Disallowing Kilts While on Duty Does Not Equal Discrimination

In Macdonnell v Waterloo (Regional Municipality), the Human Rights Tribunal of Ontario (“HRTO”) determined that the Responding employer did not discriminate against the Applicant employee when it prohibited the Applicant from wearing a kilt while on duty.

The Applicant, a Bus Operator, wore a kilt to work on a casual Friday. He did so knowing that his actions were contrary to a workplace policy forbidding the wearing of kilts while on duty. Upon attendance at work, the Applicant’s Supervisor requested that he go home to change. The Applicant did so, without losing pay and was not subject to further discipline. The Applicant subsequently filed an application with the HRTO claiming discrimination on the basis of Ancestry.

At the hearing, the Applicant testified that while he was a Canadian citizen, his ancestry was Scottish. To illustrate that he followed the practices of his heritage, the Applicant testified that “he often listens to Scottish music and he eats haggis. He was married wearing a kilt, which in his view illustrates how important the kilt is to him as part of his ancestry. The applicant testified that he also wore a Balmoral hat with a badge from his grand-father showing he served in the Argyle Highlanders when he got married.”

Nevertheless, the Applicant explained that he did not often wear a kilt, and maintained that wearing a kilt was not intimately connected to his Scottish Ancestry. In fact, the Applicant acknowledged that he did not own a kilt, but rented it for the casual Friday.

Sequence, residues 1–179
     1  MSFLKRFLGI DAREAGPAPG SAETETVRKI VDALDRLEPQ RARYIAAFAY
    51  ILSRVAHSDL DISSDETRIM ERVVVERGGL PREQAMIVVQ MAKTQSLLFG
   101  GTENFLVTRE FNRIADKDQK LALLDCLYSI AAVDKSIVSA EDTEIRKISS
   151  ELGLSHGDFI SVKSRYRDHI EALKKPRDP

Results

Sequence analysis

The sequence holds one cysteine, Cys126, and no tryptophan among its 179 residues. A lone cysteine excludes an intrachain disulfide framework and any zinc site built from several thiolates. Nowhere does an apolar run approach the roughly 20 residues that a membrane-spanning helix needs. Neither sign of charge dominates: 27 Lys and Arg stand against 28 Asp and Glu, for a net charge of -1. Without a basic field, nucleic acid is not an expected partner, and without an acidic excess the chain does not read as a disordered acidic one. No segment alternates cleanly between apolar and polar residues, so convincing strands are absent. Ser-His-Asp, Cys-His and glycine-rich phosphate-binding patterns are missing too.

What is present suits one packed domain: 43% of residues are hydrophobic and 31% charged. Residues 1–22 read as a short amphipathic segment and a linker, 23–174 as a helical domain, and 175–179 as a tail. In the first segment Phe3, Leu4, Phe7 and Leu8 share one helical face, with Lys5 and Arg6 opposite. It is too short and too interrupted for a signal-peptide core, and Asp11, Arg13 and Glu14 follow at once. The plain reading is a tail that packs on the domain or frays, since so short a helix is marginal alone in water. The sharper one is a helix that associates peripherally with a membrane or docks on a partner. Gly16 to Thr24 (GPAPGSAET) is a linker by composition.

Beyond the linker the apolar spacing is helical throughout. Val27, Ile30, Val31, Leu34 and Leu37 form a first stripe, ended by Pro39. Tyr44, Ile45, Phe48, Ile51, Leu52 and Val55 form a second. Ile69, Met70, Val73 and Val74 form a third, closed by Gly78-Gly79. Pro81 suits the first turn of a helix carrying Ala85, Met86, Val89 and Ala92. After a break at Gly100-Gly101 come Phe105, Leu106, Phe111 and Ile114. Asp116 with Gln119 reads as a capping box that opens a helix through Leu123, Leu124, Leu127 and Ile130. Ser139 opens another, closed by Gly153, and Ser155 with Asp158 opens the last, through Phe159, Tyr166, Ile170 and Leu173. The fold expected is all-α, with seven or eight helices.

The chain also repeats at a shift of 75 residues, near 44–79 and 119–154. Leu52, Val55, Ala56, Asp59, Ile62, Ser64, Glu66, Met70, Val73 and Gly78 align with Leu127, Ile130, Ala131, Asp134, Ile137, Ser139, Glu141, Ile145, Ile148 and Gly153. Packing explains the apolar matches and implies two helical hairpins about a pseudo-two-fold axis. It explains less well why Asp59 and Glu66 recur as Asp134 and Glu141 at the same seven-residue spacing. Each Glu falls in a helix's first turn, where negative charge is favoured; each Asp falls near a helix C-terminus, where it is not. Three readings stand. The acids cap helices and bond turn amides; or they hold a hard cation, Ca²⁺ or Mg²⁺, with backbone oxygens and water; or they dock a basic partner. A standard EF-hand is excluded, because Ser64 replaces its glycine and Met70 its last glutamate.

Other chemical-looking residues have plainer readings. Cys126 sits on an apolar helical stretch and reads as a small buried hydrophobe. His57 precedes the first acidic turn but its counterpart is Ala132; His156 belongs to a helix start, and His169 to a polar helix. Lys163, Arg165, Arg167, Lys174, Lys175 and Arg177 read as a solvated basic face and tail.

In dismissing the Application, the HRTO concluded that the Applicant failed to adduce evidence necessary to satisfy the Tribunal that wearing a kilt to work was an integral part of his heritage or ancestry. In particular, the Applicant acknowledged that wearing a kilt was not compulsory for someone of Scottish ancestry and further that a kilt was not intimately connected to his Scottish heritage.

Takeaways for Employers

This is a helpful case for employers in that it reaffirms a number of basic human rights principles:

  • An Applicant has the onus of establishing a nexus between a ground cited and differential adverse treatment;
  • The Tribunal does not have a general power to deal with allegations of unfairness;
  • Unfair treatment is not discriminatory under the Human RightsCode unless there is evidence that one or more of the protected grounds were a factor in the conduct complained of; and,
  • Not all personal characteristics qualify as a right protected under the Human RightsCode.

Employers must remember to consider these basic principles when responding to any claim alleging discrimination on the basis of the Code.

Should you have any questions regarding Human Rights or your Human Rights Policies please contact one the members of our Ontario Labour and Employment Law Group.



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